According to wildlife experts, this has led to the confinement of the animals to a few limited areas of the forest. It is suspected to be playing a role in the drop in the animals' reproductive activities carried out across a broad area.

Among many others, it's the tiger that lures most of the tourists to the forest. Few people are fortunate enough to see tigers in naked eyes. They are not invisible, but give only fleeting glimpses. The forest and tourist departments have in place tiger watch towers in the forest. Still the people able to watch tigers from these tall observation points are not many. But it is the thrill and suspense related to the possibility of watching the animal that matters to the tourists. In a country with few tracts remaining densely forest covered, Sudarbans stands out as a great spot. The experience of seeing a tiger move majestically in the wild prompts a large section of tourists to undertake Sundarban tours. The rate at which tigers have started vanishing lately, it may not take long to declare this animal species an extinct one.

It's only well-thought-out projects on increasing the tiger population, which can save the animal. Against the backdrop of stop-gap and purely ceremonial measures, the possibility of putting in place effective programmes on tigers appears illusory. Without tigers, the Sundarbans is set to become shorn of its inherent beauty and magnificence. The share of deer, rhesus monkeys, crocodiles and water birds is also not negligible. So is the case with the typical Sundarban trees.

On top of all, an unalloyed solitude and enchanting natural beauty distinguishes the forest. It has been in place since the ancient times after it was formed with the combination of awe-inspiring expanses of forest land and water. Genuine tourists visit the mangrove forest to spend a few days amid the environs unspoiled by urban bustle. To the disillusionment of many, these idyllic features of the largest mangrove forest in the world have started wearing out. On becoming a veritable fall guy, the once-mindboggling forest is now found headed for disappearance. The ecosystem of the massive mangrove forest shows clear signs of falling apart.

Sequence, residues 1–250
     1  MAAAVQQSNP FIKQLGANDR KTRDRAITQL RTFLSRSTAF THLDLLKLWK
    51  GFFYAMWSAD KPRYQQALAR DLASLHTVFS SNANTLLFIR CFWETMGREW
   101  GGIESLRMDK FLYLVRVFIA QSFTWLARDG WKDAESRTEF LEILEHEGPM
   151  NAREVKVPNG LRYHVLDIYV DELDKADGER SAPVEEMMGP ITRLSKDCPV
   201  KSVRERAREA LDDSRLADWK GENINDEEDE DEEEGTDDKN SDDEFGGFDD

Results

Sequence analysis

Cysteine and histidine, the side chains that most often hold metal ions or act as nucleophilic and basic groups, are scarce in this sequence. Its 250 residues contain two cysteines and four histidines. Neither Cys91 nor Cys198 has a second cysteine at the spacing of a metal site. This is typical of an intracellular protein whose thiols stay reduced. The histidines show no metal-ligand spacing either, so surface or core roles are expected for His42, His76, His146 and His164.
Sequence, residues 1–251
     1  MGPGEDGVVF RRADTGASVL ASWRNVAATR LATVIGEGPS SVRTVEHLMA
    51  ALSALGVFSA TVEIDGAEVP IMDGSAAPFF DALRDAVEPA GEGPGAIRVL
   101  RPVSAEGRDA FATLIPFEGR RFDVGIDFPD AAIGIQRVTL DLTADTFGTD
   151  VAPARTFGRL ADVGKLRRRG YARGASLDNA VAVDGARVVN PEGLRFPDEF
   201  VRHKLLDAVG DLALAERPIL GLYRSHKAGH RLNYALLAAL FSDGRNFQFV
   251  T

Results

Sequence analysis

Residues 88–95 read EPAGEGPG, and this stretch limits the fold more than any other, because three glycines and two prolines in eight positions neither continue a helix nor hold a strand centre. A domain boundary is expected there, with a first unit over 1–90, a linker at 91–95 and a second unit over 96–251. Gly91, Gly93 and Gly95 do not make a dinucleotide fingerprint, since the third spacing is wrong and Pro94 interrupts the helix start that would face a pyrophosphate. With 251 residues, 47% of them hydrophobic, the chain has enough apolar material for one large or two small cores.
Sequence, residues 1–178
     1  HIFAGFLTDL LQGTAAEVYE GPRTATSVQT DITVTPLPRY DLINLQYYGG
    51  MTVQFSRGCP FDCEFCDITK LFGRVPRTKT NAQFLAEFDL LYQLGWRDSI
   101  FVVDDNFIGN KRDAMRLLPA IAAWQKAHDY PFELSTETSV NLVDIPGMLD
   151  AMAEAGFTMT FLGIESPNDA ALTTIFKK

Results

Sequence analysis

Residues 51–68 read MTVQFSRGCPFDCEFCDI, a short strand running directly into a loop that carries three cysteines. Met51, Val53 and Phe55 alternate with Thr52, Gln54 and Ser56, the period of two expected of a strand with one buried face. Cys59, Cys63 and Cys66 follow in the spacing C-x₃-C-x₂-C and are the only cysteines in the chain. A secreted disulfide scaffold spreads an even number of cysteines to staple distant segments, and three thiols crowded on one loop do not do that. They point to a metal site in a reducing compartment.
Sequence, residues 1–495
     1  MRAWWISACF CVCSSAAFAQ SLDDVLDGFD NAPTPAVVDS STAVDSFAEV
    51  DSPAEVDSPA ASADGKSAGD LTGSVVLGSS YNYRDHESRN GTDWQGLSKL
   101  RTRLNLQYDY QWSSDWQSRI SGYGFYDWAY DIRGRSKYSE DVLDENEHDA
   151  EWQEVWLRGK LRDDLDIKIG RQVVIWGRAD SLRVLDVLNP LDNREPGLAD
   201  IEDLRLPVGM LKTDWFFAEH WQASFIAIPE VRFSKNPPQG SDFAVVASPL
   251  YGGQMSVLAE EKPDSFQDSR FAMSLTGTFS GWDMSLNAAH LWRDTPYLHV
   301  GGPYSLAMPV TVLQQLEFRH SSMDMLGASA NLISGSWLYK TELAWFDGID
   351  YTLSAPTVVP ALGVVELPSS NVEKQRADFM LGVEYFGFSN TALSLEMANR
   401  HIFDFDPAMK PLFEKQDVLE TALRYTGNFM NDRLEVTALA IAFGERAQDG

Encroachment on the domains of nature has been a scourge since the early phase of industrialisation. Like many other natural sites, the Sundarbans is now considered one of the many which have been badly hit by different types of encroachment. Allowing dozens of industrial units to start operation on the outer peripheries of the forest has sounded notes of alarm. According to environmental scientists and conservationists, these industries are feared to leave a damaging impact on the forest in the long run. Perhaps there are few nations in the present world which send their imperative of saving a forest resource to the back burner this nonchalantly. With the mangrove forest eventually disappearing, the rich varieties of animal and plant species, too, will be shoved into the process of extinction. Maybe, those days are not too far when the interested people will be advised to search the Internet to have an idea of the Sundarbans animals like the Royal Bengal Tiger or the spotted deer. Apart from the environmentally hit wildlife populations, the lately ubiquitous poachers' swoop on the Sundarbans emerges as a new threat. The prime target of these hunters is tigers, which they, as part of the alleged international syndicates, kill to collect the animals' body parts. These fetch fabulously high prices in the global market of alternative medicines and stimulants. Given the fast drop in the number of the Sundarban tigers, the poachers, however, may shift their focus from the mangrove forest to the other venues.

All this translates into dreadful prospects related to the forest's future. In order to help it survive in its previous glory, upon admitting the neglect long shown to it, the Sundarbans can still be given a new lease of life. It's because the site is part of nature. Any damaging process affecting it can be reversed. Regeneration largely defines the working of nature. The time of giving up on the Sundarbans, in all likelihood, is still far off. In spite of its decaying process, tourists still love to venture into its unexplored depths. Many even suggest the Kotka beach along the Bay of Bengal be declared a formal tourist spot. Others advocate the creation of highly protected and exclusive reserve forests deep inside the Sundarbans.